How to Make Your Resume Relevant to 21st Century Readers

Whether you’re a new associate or a partner with a corner office, it is always wise to have your resume at the ready. Whether you are gainfully and happily employed or in search of your next move, opportunities and unexpected career roadblocks rarely present themselves according to plan. As you develop professionally, keep in mind that your resume must develop as well… and stay current to today’s readers.

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A Brochure, Not a Blueprint

Contrary to popular belief, a resume’s purpose is not to land a job by listing details about employment history and responsibilities. Rather, it is a key piece of marketing collateral essential to building your network (that may include potential employers down the road), promote what you have to offer, and entice them to want to learn more. In other words, it needs to serve as your brochure and not your blueprint.

Resume Reading is Evolving

People read resumes differently than they did even as recently as two years ago. They spend less time than ever and are comfortable reading important documents on a multitude of devices from laptops to handhelds.

Here’s a look at today’s audience:

21st Century Resume Readers

☑ TIME SPENT ON FIRST READ: 6-10 Seconds

☑ ONLINE RESUME READERS: 99%

☑ PRINT RESUME READERS: 1%

☑ HANDHELD DEVICE/SMALL SCREEN READERS: >50%

For today’s readers, your resume must impress in record time. Decision-makers receive more resumes than ever and have less time to devote to each. The five components below will facilitate a powerful skim-read regardless of the device used:

1. Career Title: Similar to a news headline, a resume career title tells the reader the kinds of roles you seek or your industry expertise. Customize accordingly to show the reader you are well-suited for a particular type of role. For instance, you can target a particular legal niche by adding your specialty to the front of your career headline (i.e. Mergers & Acquisitions Practitioner).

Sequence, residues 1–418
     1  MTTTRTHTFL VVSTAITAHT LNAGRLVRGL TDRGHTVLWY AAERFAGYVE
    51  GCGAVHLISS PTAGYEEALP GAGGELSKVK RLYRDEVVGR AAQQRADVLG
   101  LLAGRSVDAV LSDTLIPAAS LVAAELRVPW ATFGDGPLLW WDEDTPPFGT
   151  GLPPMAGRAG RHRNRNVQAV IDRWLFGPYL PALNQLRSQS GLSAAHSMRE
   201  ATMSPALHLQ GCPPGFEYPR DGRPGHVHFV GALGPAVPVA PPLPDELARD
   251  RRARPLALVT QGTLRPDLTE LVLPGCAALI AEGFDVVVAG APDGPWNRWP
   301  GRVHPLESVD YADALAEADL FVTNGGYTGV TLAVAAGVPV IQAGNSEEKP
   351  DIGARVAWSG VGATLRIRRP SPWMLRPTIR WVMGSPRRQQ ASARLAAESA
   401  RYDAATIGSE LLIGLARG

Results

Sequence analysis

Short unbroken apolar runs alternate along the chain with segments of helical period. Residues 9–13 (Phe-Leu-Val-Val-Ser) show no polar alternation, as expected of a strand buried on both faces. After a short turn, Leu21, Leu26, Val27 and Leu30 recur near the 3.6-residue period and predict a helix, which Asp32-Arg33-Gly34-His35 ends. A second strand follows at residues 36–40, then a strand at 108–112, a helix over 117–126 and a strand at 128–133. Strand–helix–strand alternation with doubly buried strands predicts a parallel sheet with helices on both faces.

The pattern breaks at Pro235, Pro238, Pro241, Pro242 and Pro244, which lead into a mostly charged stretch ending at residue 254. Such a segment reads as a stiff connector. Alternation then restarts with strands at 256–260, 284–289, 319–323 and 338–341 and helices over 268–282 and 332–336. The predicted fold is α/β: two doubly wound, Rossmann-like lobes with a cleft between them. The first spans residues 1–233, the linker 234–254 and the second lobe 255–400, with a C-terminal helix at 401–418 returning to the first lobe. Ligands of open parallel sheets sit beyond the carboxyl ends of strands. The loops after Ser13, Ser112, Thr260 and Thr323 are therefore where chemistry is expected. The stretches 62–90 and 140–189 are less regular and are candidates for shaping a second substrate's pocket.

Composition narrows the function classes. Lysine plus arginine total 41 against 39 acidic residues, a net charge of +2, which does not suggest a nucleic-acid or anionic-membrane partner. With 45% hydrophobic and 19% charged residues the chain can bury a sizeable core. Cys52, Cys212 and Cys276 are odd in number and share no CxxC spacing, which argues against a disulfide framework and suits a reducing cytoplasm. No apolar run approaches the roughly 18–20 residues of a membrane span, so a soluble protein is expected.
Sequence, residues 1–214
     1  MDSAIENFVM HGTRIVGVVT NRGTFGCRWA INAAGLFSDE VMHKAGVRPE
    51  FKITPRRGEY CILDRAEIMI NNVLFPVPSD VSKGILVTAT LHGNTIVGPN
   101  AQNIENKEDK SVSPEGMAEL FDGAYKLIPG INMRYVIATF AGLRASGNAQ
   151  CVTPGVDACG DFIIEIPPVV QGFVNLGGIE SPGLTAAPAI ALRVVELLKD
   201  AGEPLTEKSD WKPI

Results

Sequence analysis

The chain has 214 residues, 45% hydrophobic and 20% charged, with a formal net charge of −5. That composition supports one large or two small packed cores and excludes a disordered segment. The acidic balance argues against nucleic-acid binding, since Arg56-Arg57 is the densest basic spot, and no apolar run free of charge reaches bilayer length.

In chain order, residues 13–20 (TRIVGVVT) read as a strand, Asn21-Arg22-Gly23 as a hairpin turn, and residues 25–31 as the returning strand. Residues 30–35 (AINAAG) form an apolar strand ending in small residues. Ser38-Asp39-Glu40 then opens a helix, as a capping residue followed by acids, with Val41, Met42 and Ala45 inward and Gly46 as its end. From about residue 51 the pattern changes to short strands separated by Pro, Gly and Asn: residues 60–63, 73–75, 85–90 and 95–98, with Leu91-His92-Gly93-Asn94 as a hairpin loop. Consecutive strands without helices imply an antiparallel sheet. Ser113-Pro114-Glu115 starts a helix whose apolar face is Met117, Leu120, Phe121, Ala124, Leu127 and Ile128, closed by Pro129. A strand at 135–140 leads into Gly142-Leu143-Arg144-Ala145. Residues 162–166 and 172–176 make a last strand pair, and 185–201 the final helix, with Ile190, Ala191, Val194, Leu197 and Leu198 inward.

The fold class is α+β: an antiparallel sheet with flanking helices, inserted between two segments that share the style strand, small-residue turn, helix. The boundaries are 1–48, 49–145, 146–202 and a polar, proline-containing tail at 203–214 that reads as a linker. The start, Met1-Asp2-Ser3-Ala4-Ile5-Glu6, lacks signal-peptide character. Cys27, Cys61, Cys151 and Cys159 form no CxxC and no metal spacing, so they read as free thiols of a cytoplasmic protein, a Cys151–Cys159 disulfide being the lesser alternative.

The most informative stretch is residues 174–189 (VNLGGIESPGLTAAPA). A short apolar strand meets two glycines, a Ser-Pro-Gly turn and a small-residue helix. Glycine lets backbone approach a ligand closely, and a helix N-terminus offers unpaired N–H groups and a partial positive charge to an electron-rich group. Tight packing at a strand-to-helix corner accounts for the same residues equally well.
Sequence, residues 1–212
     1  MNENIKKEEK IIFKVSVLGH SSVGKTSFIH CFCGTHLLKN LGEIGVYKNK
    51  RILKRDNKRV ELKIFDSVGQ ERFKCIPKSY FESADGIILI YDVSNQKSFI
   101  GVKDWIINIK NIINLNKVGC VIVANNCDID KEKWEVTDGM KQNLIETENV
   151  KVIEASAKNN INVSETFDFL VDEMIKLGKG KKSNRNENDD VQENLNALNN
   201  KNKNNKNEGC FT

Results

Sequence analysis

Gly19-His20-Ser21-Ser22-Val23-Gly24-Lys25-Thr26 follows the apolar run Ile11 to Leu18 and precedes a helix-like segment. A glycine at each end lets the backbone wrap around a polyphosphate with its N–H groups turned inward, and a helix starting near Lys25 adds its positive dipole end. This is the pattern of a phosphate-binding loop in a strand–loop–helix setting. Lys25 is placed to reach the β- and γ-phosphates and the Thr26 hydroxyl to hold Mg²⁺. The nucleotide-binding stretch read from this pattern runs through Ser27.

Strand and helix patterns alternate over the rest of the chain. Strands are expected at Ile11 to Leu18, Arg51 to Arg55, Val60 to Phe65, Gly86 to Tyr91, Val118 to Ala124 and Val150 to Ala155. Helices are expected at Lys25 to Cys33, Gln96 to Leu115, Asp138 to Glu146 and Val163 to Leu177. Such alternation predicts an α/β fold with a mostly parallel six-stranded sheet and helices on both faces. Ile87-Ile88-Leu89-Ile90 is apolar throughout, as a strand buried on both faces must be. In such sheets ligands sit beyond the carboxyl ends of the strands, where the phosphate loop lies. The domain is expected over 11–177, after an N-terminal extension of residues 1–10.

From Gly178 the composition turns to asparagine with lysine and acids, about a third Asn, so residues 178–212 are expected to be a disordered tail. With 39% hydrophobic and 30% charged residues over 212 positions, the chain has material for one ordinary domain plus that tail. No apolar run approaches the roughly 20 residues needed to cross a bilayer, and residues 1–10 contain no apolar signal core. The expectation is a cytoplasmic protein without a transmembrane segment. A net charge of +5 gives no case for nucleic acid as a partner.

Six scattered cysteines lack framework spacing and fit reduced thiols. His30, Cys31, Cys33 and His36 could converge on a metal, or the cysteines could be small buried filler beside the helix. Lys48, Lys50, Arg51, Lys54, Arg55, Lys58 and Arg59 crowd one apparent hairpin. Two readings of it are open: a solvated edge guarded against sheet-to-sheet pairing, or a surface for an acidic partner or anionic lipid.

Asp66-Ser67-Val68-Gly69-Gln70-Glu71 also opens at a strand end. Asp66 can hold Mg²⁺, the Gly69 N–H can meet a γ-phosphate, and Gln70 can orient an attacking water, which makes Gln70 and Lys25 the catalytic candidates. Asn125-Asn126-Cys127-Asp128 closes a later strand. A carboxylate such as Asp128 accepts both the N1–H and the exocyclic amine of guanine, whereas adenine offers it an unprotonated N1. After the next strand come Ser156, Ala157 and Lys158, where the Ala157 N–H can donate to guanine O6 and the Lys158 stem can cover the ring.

2. Branding Paragraph: Replace the old objective statement and skip the generic summary that could describe anyone. Include instead a paragraph that describes strengths unique to you with language aligned with what the reader is searching for in an ideal candidate.

3. Bullets v. Blocks: Replace paragraphs with one- and two-line bullets that highlight your achievements. Online readers have a hard time digesting large blocks of text—a challenge that increases as a screen size grows smaller.

4. Front-loaded Bullets: Skip the adjectives, qualifiers, and lead-ins. Make sure each bullet leads with the achievement, so it’s the first thing the reader sees. Here’s an example:

“Saved client $10M via contract negotiations” v. “Led contract negotiations that saved client $10M.”

5. Lose the Role Overview Statement: Today’s reader often only skims the first bullet below each job description during the first pass—making it critical to show them what you can do right off the bat. Ask yourself what your proudest moment was at each role and lead off with that. This is far more telling and certainly more memorable than a ho-hum statement explaining your main responsibilities.

A Resume Facelift

A resume that is up-to-date in terms of career history but outdated style-wise speaks volumes, and may give the wrong impression about a candidate’s ability to remain flexible and willingness to remain current. These four quick fixes can help:

1. List Only One Contact Number

Today’s resumes usually include just one number and don’t clarify that it is a mobile, office, or home. Make sure yours is a number where yours is the voice the caller hears when leaving a message.

2. Drop the Retro Email

Emails with a Hotmail or AOL extension are a surefire way to let the reader know your technology aptitude has not evolved. Switch to a newer email like Gmail.

3. Skip References

While courteous, “references available upon request” is passé. Make better use of this space by showcasing an achievement or including an industry affiliation.

4. Summarize Older Material

Your achievements from the last 10-15 years are most relevant to your next step. Save space and remove dates from older experience.  Devote a few lines if the experience tells a good story. Otherwise simply include the company name and title if noteworthy or omit it altogether.